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Mike Lindell pranked on livestream by caller pretending to be Donald Trump

Alex Woodward
·4-min read
 (AFP via Getty Images)
(AFP via Getty Images)

Within the first few hours of a 48-hour livestream to cut the digital ribbon on his “free speech”-focused social media platform, MyPillow CEO Mike Lindell got hit with two prank callers.

The first claimed to be a reporter for The Wall Street Journal. The other was “Donald Trump.”

“We have the president here, our real president, everyone,” Mr Lindell said on Monday. “Hello, Mr. President.”

It was not – the voice on the other end of the line shouted something incoherently, then “bitches.”

“You see what they’re doing?” Mr Lindell said. “They’re attacking us.”

Mr Lindell – suspended from social media companies for pushing election disinformation and the subject of a $1.3bn defamation lawsuit for amplifying voter fraud conspiracies – repeatedly insisted on Monday that his newly launched website, the “power grid” and free speech itself were “under attack” from an unnamed “they” trying to take him offline.

“That was an attack – this is what these attack groups are doing,” he said after another crank call from someone claiming to be a Wall Street Journal reporter.

After the Trump prank, he claimed that “they” are “hacking into our phones.”

Later that evening, the livestream went offline during an interview with right-wing conspiracy theorist Dinesh D’Souza. When the website came back online, he claimed it was under a “massive attack”.

The website, Frank, was set to launch last week for users who entered their phone numbers to receive a code to gain “VIP” access, which has been delayed since Thursday. On Monday morning, he started a two-day “Frank-a-thon” to introduce the site, which was still not accessible for users to register a profile or post.

Frank’s livestream included right-wing personalities and other Trump allies, including Alan Dershowitz, Steve Bannon, Ben Carson, Scott Baio, Ted Nugent and Michael Flynn, reviving a flood of 2020 election conspiracies that have forced Mr Lindell off the air and off social media networks elsewhere.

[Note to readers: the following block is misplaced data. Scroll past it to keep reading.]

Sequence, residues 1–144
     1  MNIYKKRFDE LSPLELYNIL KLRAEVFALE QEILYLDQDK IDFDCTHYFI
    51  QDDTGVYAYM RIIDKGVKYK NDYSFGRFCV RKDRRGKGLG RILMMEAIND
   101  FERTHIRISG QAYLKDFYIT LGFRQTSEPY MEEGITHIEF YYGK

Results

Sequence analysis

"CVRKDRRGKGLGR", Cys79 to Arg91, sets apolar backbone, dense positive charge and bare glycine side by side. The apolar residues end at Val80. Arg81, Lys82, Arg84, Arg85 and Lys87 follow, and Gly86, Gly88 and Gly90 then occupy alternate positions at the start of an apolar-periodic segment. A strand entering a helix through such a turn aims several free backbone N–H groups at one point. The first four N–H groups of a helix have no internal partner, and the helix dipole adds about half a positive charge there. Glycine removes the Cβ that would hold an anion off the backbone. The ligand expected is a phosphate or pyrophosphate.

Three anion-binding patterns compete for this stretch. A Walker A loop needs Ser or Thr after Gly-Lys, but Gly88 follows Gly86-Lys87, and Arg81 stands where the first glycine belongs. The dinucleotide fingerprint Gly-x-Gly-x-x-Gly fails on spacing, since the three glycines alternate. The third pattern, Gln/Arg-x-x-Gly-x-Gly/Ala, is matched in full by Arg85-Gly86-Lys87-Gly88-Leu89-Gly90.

He also announced on Monday that MyPillow is suing Dominion Voting Systems for $1.6bn, claiming that its employees “live in fear” and have been threatened because of Dominion’s “illegal campaign of intimidation” after suing Mr Lindell for defamation.

Mr Lindell insisted the lawsuit is not a “countermeasure” for the lawsuit against him, but the MyPillow suit explicitly says it intends “to remedy the grave harm that has been suffered by MyPillow as a result of Dominion’s suppression of speech and attacks on the company.”

In a statement to The Independent, Dominion legal counsel Stephen Shackelford of Susman Godfrey LLP said: “This is a meritless retaliatory lawsuit filed by MyPillow to try to distract from the harm it caused to Dominion.”

The former president’s legal team, his Justice Department, the FBI and elections officials across the US have not found or presented any evidence of widespread voter fraud. Audits of vote counts in several states that Mr Trump challenged in the wake of the 2020 presidential election confirmed the outcomes.

Mr Lindell – who produced the two-hour “documentary” Absolute Proof to push debunked conspiracies – said his new website will “dump mountains of evidence every day” about voter fraud and manipulation.

Right-wing cable network One American News Network aired the production with a 90-second disclaimer that Mr Lindell bought the airtime and “does not adopt or endorse any statements or opinions” regarding Dominion and other companies, lawmakers and elections officials named in the production.

Mr Lindell claims that “algorithms” disrupted a vote count that was manipulated by Dominion and election technology company Smartmatic to rig the results for Joe Biden. (Smartmatic has also sued Fox News and three anchors for more than $2bn for promoting similar claims.)

Election fraud conspiracies embraced by the former president have fuelled the deadly insurrection at the US Capitol on 6 January and prompted federal law enforcement to issue warnings that “ideologically motivated violent extremists” motivated by “perceived grievances fueled by false narratives” could “continue to mobilize to incite or commit violence” in the US.

Voting right groups have also warned that the big lie of election fraud has also propelled dozens of GOP-backed attempts in nearly every state across the US to restrict ballot access.

On Monday’s livestream, Mr Lindell and his guests spent hours claiming they are victims of a censorship campaign that undermines the First Amendment while they attacked journalists for publishing updates about the livestream and lawsuit.

“You’re as much to blame for what’s happening to our country than anybody,” he said.

Frank – what Mr Lindell describes as a combination of Twitter and YouTube – will not allow users to post swear words, porn, death threats or taking “God’s name in vain,” he announced last week.

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